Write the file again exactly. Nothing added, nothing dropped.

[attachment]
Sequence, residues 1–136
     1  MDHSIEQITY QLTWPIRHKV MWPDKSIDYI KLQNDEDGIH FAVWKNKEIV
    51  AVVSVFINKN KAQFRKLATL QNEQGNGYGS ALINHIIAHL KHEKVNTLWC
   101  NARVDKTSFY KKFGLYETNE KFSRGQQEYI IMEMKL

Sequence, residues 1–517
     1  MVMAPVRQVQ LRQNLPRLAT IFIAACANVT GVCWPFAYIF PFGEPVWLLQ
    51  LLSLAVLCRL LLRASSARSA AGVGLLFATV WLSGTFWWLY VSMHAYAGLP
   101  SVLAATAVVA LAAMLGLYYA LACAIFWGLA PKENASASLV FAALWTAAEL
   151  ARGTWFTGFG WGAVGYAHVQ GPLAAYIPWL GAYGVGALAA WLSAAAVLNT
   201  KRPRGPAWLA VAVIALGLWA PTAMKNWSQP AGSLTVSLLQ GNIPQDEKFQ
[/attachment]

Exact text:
Sequence, residues 1–136
     1  MDHSIEQITY QLTWPIRHKV MWPDKSIDYI KLQNDEDGIH FAVWKNKEIV
    51  AVVSVFINKN KAQFRKLATL QNEQGNGYGS ALINHIIAHL KHEKVNTLWC
   101  NARVDKTSFY KKFGLYETNE KFSRGQQEYI IMEMKL

Sequence, residues 1–517
     1  MVMAPVRQVQ LRQNLPRLAT IFIAACANVT GVCWPFAYIF PFGEPVWLLQ
    51  LLSLAVLCRL LLRASSARSA AGVGLLFATV WLSGTFWWLY VSMHAYAGLP
   101  SVLAATAVVA LAAMLGLYYA LACAIFWGLA PKENASASLV FAALWTAAEL
   151  ARGTWFTGFG WGAVGYAHVQ GPLAAYIPWL GAYGVGALAA WLSAAAVLNT
   201  KRPRGPAWLA VAVIALGLWA PTAMKNWSQP AGSLTVSLLQ GNIPQDEKFQ